AA: An innovative leader who is constantly ahead of the curve, takes risks, and creates opportunities.


Be sure to follow Ashley Austin on Twitter @TheUptownBelle and Instagram @TheUptownBelle and check out her products and services at http://www.uptownbelle.com/



Wednesday, August 31, 2016

Self-Worth And Added-Value: Why You Must Bring Both To The Corporate Table By Jacqueline Miller

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Do you generate a profit for your organization? No matter where you appear on the organization chart, if you are to be viewed as an asset, you must be able to demonstrate your value. Your company is investing in you and will inevitably be asking, “What’s in it for us?”

Unfortunately, it can be difficult for a woman to embrace the true value that she brings to her organization when she is struggling to see much value in herself. However, many companies fail to address the latter, because there is often a disconnect between an employee’s personal life and the P&L statement.
Multiple studies continue to indicate that happy employees are also more productive employees. How realistic is it to expect that a woman who is struggling and overwhelmed at home and with self-worth, would also be a highly-productive employee?

The organizations that make the “Best Companies to Work For” lists appear to be proactively addressing these issues. I applaud them and am optimistic that more companies will continue to strive to do an exemplary job of advancing all women and helping them juggle the struggle of self-care, work, and family.

Without question, personal responsibility must exist. Before a woman can honestly assess her value to her organization, she must have a relatively clear understanding of her value to herself. Companies measure the ROI of their employees, and its employees should measure the WIIFM factor (what’s in it for me) - besides a paycheck.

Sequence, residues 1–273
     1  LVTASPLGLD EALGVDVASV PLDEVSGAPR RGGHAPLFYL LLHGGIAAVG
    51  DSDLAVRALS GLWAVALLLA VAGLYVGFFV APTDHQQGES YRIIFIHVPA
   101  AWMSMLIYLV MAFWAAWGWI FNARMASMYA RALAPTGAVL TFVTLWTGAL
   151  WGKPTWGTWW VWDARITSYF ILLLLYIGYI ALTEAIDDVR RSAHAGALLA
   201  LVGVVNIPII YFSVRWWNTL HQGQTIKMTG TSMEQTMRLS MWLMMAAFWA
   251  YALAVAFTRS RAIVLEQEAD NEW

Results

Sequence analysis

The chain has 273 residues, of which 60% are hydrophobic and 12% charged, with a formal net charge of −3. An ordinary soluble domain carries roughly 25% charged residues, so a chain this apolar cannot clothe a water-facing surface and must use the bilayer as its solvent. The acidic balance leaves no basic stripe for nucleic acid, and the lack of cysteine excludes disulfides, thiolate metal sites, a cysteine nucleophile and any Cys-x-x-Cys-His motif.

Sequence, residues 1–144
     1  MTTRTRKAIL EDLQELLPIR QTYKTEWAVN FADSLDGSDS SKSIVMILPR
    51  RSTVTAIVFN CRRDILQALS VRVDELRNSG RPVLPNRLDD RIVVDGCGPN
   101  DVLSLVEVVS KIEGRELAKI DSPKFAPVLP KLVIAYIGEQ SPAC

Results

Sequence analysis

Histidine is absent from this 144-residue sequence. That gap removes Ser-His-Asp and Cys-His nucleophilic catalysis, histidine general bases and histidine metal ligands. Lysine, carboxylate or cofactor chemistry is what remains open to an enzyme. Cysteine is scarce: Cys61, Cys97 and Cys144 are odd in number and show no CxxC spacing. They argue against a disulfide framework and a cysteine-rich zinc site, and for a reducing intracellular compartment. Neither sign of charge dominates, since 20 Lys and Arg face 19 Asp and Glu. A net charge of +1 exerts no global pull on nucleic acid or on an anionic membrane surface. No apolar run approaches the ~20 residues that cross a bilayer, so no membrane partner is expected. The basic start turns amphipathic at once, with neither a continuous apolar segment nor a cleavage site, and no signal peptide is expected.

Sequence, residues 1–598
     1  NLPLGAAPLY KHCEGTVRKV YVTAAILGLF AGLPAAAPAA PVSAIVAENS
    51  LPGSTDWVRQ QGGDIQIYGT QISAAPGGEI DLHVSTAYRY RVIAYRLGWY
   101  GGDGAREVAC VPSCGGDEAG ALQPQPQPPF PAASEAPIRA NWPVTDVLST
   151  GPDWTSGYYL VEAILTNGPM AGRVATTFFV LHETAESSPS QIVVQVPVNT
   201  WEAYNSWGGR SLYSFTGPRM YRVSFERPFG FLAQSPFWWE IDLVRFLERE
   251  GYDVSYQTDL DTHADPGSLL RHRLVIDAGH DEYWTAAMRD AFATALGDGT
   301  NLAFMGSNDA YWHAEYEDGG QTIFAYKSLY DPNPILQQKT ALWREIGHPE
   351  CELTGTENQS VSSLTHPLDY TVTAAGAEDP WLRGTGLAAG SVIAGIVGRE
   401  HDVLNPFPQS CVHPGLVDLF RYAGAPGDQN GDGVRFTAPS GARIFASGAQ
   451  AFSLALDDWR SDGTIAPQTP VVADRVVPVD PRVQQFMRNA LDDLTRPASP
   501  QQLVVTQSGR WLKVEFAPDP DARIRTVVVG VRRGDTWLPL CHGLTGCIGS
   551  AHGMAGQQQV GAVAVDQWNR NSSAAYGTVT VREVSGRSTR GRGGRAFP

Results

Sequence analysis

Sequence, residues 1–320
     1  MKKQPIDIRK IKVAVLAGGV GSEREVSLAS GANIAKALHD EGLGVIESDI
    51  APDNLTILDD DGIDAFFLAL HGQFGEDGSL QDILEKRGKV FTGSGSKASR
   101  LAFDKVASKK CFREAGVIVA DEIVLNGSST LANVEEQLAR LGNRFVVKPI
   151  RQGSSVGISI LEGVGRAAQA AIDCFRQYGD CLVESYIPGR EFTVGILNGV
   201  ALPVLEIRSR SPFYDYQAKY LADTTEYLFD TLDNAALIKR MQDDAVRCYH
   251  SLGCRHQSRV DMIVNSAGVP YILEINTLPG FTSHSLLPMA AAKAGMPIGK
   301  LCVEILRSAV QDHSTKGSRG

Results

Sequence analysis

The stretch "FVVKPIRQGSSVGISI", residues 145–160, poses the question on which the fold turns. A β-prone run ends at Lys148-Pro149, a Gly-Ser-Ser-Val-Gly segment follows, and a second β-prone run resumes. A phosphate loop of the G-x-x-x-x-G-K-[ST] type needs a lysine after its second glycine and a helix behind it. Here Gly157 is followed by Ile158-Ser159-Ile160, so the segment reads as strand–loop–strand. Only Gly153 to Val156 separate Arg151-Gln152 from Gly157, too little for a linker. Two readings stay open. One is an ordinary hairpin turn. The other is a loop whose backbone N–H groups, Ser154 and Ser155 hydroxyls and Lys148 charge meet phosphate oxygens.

Where to begin? Here are three recommendations:

1. Examine the activities that consume most of your workday, the skill set required of you, the results derived from your efforts, and determine how these things connect back to the company’s bottom line. Are you providing added value? Are you being seen, heard and fairly- compensated?

2. Have clarity as it applies to your personal value system. A woman must define her own set of values, what she views as being right or wrong, practical or not.  It is when her behaviors are in conflict with these pre-determined values, or she allows someone else’s behaviors or practices to go against her values, that she potentially may leave others to question her sense of self-worth. When you know your own worth, no one else can make you feel worthless. If you don’t see and own your worth, you will routinely surround yourself with people who don’t see it either. When your self-confidence rises, the quality of your life tends to follow.

3. Invest in yourself. It’s quite easy to say that you want a better life. However, the true test of those words is in one’s actions.  Don’t solely rely on company-provided training, which is generally related to your job. Seek out personal development resources, i.e. courses, books, coaches, mentors, etc. Taking these initiatives demonstrates that you are a woman who prefers transformation to stagnation. As a working mom, in doing so you are also setting the example for your children when it comes to taking initiative and the value of personal growth.


The bottom line is this — if you aren’t valuing yourself, what value are you truly capable of bringing to an organization?